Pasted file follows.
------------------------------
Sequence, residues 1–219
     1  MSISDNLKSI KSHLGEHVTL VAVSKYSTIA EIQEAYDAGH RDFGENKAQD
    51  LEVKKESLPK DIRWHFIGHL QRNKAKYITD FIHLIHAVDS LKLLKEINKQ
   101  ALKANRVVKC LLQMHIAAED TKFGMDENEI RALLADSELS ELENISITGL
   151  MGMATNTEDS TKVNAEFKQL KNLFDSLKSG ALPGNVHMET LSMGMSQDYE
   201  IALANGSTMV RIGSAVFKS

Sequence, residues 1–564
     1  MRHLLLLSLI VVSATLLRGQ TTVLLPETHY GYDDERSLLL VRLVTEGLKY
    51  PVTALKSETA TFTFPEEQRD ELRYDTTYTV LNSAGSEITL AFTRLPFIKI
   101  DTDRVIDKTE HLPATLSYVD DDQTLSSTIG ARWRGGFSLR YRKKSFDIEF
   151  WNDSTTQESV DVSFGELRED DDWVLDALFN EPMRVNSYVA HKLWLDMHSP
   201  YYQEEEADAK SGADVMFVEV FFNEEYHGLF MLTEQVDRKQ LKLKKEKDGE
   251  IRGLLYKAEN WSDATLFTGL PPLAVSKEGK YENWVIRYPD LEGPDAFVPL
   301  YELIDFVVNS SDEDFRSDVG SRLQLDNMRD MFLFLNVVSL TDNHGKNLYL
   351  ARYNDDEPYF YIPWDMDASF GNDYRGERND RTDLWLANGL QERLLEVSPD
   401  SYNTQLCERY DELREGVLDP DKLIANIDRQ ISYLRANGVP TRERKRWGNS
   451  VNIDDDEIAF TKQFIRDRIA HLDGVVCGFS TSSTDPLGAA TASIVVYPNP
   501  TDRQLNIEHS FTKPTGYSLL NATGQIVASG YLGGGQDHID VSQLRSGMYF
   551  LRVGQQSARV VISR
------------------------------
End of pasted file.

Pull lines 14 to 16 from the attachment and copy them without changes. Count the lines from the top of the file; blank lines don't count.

   301  YELIDFVVNS SDEDFRSDVG SRLQLDNMRD MFLFLNVVSL TDNHGKNLYL
   351  ARYNDDEPYF YIPWDMDASF GNDYRGERND RTDLWLANGL QERLLEVSPD
   401  SYNTQLCERY DELREGVLDP DKLIANIDRQ ISYLRANGVP TRERKRWGNS